I have a large dataset (>300,000 observations) that represent the distance (RMSD) between proteins. I'm building a regression model (Random Forest) that is supposed to predict the distance between any two proteins.

My problem is that I'm more interested in close matches (short distances), however my data distribution is highly biased such that the majority of the distances are large. I don't really care how good the model will be able to predict large distances, so I want to make sure that the model will be able to accurately predict the distance of close models. However, when I train the model on the full data the performance of the model isn't good, so I wonder what is the best sampling way I can do such that I can guarantee that the model will predict the close matches distance as much accurately as possible and at the same time now to stratify the data so much since unfortunately this biased data distribution represent the real world data distribution that I'm going to validate and test the model on.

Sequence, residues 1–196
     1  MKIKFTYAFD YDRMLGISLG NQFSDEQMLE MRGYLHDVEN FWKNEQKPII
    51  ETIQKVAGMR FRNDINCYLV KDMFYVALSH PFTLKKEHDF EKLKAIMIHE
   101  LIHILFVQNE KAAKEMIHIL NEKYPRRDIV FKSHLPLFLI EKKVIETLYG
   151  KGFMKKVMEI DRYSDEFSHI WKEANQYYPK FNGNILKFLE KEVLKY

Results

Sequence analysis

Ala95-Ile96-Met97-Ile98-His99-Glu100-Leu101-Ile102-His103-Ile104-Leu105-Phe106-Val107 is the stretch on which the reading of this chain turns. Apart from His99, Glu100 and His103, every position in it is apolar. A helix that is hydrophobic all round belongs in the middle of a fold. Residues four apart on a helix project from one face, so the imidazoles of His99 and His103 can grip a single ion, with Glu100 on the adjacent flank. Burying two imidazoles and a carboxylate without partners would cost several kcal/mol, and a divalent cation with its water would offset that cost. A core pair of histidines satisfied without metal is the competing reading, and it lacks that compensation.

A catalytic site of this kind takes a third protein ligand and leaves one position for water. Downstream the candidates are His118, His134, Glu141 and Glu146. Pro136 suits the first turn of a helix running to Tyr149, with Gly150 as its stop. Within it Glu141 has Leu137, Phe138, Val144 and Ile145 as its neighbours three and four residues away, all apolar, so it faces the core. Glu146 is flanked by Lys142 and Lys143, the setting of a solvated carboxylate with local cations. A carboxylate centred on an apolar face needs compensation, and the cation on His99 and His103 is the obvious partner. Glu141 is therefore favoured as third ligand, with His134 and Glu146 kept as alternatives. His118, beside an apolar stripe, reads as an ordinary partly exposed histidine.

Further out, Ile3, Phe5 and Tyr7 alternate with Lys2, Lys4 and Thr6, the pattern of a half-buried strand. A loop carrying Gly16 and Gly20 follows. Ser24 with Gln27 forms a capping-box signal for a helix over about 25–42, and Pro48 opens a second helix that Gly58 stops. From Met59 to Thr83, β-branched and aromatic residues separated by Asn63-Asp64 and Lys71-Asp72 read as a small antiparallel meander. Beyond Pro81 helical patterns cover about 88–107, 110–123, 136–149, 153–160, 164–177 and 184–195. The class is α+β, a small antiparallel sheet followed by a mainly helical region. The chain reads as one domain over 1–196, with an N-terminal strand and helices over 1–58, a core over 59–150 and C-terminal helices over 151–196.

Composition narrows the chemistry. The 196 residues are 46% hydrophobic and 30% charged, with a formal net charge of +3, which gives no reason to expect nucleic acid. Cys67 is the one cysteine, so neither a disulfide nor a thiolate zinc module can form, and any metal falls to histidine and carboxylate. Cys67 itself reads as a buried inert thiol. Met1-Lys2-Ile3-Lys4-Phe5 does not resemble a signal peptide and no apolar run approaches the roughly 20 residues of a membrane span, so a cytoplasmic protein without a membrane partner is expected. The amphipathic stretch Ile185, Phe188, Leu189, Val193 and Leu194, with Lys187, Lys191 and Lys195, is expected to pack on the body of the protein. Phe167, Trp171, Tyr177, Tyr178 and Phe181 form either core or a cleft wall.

The following is my data distribution where the first column represents the distances and the second column represent the number of observations in this distance range:

Distance  Observations
0          330
1          1903
2          12210
3          35486
4          54640
5          62193
6          60728
7          47874
8          33666
9          21640
10         12535
11         6592
12         3159
13         1157
14         349
15         86
16         12

1 Answer 1


Unbalanced classification problems have been studied a bit and "Roughly Balanced Bagging" and "Weighted Random Forests" have had some success. It might we worth discretizing your data and applying one of these if the discrete results would be useful.

Other then that I would transform the data using something like log(d/D) where D is the maximum distance you are interested in. Assuming no zero distances (add 1 to d and D if you actually have discrete distances equal to zero) this will map/expand the short distances to the negative half of the real line so that they will contribute significantly more to the r^2 error commonly used in random forest regressors.

There are also some methods for constructing balanced training sets you could look into. See for example: http://www.biomedcentral.com/1471-2105/11/523


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